UK launches world-first ‘subscription’ model for antibiotic supply


The UK is set to become the first country in the world to pay drug companies a fixed fee for supplying antibiotics in an effort to tackle the growing global crisis over resistance to the drugs.

The aim is to give companies a better incentive to develop new antibiotics, which would be held back to treat patients who really need them, while restraining overprescribing that leads microbes to develop drug resistance.

Health experts estimate that antimicrobial resistance (AMR) kills more than one million people a year worldwide, putting pressure on the medical profession to cut back use of antibiotics in all but the most serious cases.

Under the deal being struck by the NHS with Pfizer of the US and Shionogi of Japan, the drug companies will be paid a fixed fee of £10mn a year. The current reimbursement system based on sales volume often fails to provide sufficient revenue to justify research and development spending.

The contract value was set at a level that would give international companies an incentive to invest in antibiotic research and development, if other countries pay proportionate sums scaled to their gross domestic product.

Thomas Cueni, director-general of IFPMA, the international pharmaceutical manufacturers trade body, agreed: “We call on the other leading governments to put all efforts into progressing their own incentive models so that sufficient global scale is achieved that will attract the necessary investment in R&D.”

Two new antibiotics made by Pfizer and Shionogi have already passed a key value-for-money evaluation by the National Institute for Health and Care Excellence (Nice). NHS England aims to conclude innovative “subscription-style contracts” with the manufacturers this summer.

Nick Crabb, Nice programme director, said: “The ultimate goal is to ensure the NHS has access to effective new antimicrobials to call on when needed and patients aren’t left without treatment options in the face of growing antimicrobial resistance.”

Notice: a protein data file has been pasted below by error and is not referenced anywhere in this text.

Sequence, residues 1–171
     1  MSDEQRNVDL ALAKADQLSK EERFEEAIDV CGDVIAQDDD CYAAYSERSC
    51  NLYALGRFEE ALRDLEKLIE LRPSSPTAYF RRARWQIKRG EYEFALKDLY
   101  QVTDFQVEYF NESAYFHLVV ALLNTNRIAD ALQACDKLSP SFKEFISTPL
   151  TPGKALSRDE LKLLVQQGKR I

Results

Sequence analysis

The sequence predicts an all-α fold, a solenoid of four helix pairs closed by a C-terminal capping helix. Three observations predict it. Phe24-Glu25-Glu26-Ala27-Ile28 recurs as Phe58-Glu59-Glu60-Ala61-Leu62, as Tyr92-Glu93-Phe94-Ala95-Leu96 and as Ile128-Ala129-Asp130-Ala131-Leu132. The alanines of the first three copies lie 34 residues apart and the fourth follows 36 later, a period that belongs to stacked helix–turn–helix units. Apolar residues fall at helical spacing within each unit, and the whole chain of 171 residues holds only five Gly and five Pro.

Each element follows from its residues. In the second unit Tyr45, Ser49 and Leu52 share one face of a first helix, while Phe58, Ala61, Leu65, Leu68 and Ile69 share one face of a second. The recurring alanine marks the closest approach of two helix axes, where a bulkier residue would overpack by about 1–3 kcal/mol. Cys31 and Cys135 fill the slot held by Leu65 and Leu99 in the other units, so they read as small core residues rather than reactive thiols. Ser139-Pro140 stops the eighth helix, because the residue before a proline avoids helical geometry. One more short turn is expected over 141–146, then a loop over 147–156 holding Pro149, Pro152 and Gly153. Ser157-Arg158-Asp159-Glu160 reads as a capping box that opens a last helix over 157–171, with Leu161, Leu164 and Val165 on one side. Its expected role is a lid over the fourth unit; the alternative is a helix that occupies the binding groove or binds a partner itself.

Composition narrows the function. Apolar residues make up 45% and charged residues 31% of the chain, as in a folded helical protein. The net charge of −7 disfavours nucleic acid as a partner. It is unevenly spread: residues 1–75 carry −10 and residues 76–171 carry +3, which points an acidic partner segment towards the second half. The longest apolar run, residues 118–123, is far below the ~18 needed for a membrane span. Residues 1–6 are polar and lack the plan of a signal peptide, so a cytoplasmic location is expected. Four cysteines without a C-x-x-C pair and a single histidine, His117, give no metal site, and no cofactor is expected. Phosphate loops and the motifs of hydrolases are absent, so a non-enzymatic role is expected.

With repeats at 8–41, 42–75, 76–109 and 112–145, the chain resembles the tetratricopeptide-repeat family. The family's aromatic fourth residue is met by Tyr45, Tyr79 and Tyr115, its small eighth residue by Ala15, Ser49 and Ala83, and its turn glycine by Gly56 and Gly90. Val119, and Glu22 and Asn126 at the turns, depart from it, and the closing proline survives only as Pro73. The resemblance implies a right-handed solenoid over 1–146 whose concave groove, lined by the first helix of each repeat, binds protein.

Pfizer and Shionogi submitted their drugs for evaluation when the government announced a pilot scheme in 2020, in which two antibiotics would be selected for subscription contracts capped at £10mn a year for 10 years.

Several European nations and the US are considering similar schemes that separate payment from prescription volume, either through an upfront market entry payment or annual subscriptions like the NHS England model.

“This is an important step in our world-leading approach to incentivise innovation in antimicrobial drugs and the battle against drug-resistant infections,” said Blake Dark, NHS commercial medicines director.

Dame Sally Davies, UK special envoy on antimicrobial resistance and former chief medical officer for England, said: “I am delighted that Nice has demonstrated the value of innovative antibodies in a subscription-style payment model. I call on the NHS to continue this pilot over the next few years. Ideally, we need to add two innovative and needed antibiotics each year.”

Pfizer’s Zavicefta and Shionogi’s Fetcroja are used to treat severe infections of the abdomen, lungs and urinary tract by bacteria that are resistant to other antibiotics. Both are administered by intravenous infusion.

Nice worked with the Policy Research Unit in Economic Methods of Evaluation in Health and Care Interventions, based at York and Sheffield universities, to assess the two drugs.

The universities used a complex procedure that took account of their value in allowing other medical procedures to go ahead, reducing the spread of infection to other people and ensuring that the NHS had a range of antibiotics available to treat resistant bacteria.

Taking all these factors into account, Nice estimated that Fetcroja would be worth 16,200 quality-adjusted life years (Qalys) to NHS patients over 20 years, while it put Zavicefta’s value at 8,880 Qalys. Using Nice’s yardstick that a treatment is justified if it costs £20,000 per Qaly, both would justify a subscription of £10mn a year.

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